On the positive side...
Fermilab Director Pier Oddone
Last week I described the cuts to the laboratory budget proposed for FY13 that would make our life quite difficult if they are enacted. This week I want to focus on the positives: our program is supported in the President's Budget Request (PBR) and we are on track for an exciting near-term research program. However, the long-term program remains under pressure. With enormous emphasis placed, in this election season, on reducing the deficit and getting the country's finances in order, turbulent times are ahead and our future plans have to take into account this uncertainty. As always, we will continue to do our best to give maximum value for the support we receive.
So what's in store for our near-term program? In May our accelerator complex will shut down to complete upgrades of the Main Injector for the NOvA program. Beams will return in FY13, delivering neutrinos to the MINOS+, MINERvA and NOvA experiments. The PBR maintains the expected funding profile for NOvA, which will allow completion of the detector in 2014 along with completion of the MicroBooNE detector. By 2014 these four experiments will all be running, making for a very strong neutrino physics program.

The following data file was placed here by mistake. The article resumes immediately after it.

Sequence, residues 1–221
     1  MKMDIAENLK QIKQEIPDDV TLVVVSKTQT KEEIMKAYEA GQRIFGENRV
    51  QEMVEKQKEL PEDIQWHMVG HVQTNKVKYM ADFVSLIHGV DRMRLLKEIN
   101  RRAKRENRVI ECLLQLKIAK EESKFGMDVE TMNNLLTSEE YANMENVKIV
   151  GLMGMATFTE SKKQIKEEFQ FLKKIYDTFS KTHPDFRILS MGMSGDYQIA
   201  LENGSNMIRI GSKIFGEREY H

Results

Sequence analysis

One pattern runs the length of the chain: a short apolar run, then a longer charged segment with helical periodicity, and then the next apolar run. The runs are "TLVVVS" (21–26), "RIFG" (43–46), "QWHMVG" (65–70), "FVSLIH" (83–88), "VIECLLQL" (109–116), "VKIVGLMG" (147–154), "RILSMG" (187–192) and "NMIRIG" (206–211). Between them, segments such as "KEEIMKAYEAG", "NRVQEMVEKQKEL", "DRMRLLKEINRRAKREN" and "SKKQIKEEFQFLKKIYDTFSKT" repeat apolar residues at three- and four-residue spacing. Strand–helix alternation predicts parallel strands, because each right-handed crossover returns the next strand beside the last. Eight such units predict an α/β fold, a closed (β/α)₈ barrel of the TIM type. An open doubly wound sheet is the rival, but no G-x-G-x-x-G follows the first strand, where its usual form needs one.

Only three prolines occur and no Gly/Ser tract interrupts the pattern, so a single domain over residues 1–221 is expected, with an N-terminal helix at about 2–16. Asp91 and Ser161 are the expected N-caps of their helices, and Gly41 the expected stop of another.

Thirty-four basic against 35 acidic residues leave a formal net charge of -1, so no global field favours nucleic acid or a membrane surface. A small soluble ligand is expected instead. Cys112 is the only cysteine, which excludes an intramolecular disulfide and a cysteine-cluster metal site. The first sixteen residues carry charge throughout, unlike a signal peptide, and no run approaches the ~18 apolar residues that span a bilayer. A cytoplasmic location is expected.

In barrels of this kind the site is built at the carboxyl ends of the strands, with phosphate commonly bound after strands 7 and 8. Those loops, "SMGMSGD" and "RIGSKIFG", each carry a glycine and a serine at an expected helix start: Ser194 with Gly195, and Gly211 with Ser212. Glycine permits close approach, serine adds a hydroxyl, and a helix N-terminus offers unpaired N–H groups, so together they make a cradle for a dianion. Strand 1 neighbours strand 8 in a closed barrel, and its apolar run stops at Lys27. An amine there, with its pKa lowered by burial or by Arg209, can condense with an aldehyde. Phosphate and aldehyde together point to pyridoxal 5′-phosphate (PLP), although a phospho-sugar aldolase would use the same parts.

The PBR also contains funding for new initiatives in muon physics such as the Mu2e experiment, a major enterprise that will be completed later in the decade, and the Muon g-2 experiment. With these two experiments we are developing a muon campus that will serve us well into the future. Our strong participation in the CMS experiment at the LHC also continues and there is funding for the further development of advanced accelerator technology, Project X and the muon accelerator program (MAP), dark-matter experiments and the Dark Energy Survey.
Looking farther into the future, given the cuts in the PBR to our long-term programs we are working with the DOE Office of High Energy Physics to chart a course. Both the Office of High Energy Physics and the Office of Science are supportive of our laboratory and want us to maintain our strength and contributions to the world's particle physics program, but they labor under huge external pressures. We are also consulting with stakeholders in Congress, the OMB and OSTP to understand what our best strategy will be in response to the cuts. It will be a couple of months before we will be able to say anything about the course that we will follow given the PBR. In the meantime, we have a lot of exciting work to do.